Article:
Environmentalism, not turnout, inspired digitization of elections
To the Editor:
The SAT subject tests used to have a section in which the student had to read two statements and decide whether they were true and, if they were, whether they were related. Similarly, while it is true that YCC elections would be better if people were more informed about the candidates, and it is true that using less paper use is a good thing, they are completely unrelated thoughts.
The YCC is reducing the number of posters and table-tents in this election in order to run a more environmentally sustainable election. It has nothing to do with increasing interest in elections. That being said, by shifting the elections to a more digital format, people will have more of an opportunity to participate in the elections than ever before. Not only do we anticipate candidates making their own Web sites and blogs, but the YCC will also host a general election Web site on YaleStation where students can read candidacy statements a week before elections as opposed to two seconds before they vote. That’s never been done. We are excited about bringing our elections up to speed with the marvels of technology. It’s 2007, baby!
And does the News seriously think that people will talk less about elections because there will be fewer posters? Since when does something have to be printed on dead trees for people to obsess over it? Facebook, anyone? My guess is that this year’s race will be pretty heated.
FYI, another governmental body finds it difficult to get out the vote: the U.S. Congress. The 2006 congressional election, one of the most popular ones in history, had a 36.8 percent voter turnout. Well over a majority of students vote in ours.
Steven Engler ’07
The writer is vice president of the Yale College Council and a staff columnist for the News.
New rules render candidates’ own connections excessively important
To the Editor:
The new YCC poster restrictions will ensure the campaign is focused on people, not issues. That’s great if you’re a YCC representative with lots of quotes in the News and name recognition. If not, it’s unnecessarily hard to get your voice heard. The rules specify that candidates can only e-mail people they know. If the rules are followed, most Yalies won’t read the platforms of people they aren’t acquainted with before voting (assuming they read their e-mails at all). By the time most students go to vote, their mind is already made up and an online candidacy statement won’t change it. While students can get information about unknown candidates on blogs and Web sites, let’s face it — most won’t. Good, old-fashioned table tents and posters are a welcome distraction when eating in a dining hall or wasting time before class. For this reason, they’re a great way to get information across. I’m sitting in Commons writing this letter on my laptop, surrounded by multicolored fliers advertising a book drive, a bone marrow drive, Relay for Life, the hospital workers union and a discussion on HIV sponsored by InSight. These organizations wouldn’t use table tents if they weren’t a good way to raise awareness. Candidates use table tents and posters to talk about issues and to garner interest for their campaigns — and even people they don’t know can read them!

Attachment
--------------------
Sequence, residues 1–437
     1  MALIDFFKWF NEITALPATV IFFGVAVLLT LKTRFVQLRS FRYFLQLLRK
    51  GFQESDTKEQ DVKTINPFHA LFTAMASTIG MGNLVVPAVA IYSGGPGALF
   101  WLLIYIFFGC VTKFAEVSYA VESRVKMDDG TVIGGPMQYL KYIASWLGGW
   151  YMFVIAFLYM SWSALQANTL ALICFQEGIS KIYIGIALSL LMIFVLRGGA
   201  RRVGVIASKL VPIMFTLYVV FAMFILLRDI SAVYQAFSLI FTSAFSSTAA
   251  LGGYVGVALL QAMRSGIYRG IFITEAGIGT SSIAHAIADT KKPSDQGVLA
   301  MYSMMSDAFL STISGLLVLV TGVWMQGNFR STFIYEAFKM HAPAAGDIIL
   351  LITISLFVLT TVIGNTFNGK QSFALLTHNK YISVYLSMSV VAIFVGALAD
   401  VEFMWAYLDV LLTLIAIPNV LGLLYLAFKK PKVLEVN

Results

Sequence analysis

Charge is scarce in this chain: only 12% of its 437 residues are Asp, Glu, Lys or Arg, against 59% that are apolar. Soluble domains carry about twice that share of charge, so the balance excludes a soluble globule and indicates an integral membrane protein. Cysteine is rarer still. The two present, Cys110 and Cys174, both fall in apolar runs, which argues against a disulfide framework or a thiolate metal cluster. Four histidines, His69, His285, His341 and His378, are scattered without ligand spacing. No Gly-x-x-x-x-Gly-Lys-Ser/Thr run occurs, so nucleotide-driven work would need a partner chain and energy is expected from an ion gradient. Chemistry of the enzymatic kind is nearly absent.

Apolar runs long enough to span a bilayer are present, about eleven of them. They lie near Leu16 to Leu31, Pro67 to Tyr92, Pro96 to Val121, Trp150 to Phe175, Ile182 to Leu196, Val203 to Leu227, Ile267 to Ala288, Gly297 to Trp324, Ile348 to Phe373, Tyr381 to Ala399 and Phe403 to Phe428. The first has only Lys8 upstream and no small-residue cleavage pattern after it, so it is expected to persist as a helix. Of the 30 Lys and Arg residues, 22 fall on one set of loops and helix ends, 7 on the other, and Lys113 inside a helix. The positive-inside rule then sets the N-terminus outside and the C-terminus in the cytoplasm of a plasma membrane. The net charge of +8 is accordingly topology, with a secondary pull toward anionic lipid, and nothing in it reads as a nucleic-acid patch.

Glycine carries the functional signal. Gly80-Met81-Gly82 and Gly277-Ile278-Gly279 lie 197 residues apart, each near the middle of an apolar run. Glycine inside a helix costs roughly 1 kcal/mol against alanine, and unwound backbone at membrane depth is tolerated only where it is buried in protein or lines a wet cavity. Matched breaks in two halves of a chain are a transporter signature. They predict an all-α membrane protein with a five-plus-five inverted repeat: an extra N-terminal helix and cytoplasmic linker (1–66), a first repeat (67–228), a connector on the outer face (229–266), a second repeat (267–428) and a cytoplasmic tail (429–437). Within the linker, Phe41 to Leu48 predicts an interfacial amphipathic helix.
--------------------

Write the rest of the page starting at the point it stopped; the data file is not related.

Severely limiting paper advertising will ensure that the election will go to the student with the best connections, not the student with the best ideas. Environmentalism is no excuse: An online campaign means more time spent on computers and more undeleted e-mails languishing on Yale servers for years at a time — both of which require coal or natural gas energy. I’d like to see a YCC campaign that’s about issues, not panlist friendship, and these new restrictions make that impossible.
Katherine Booth ’08
The writer is in Branford College.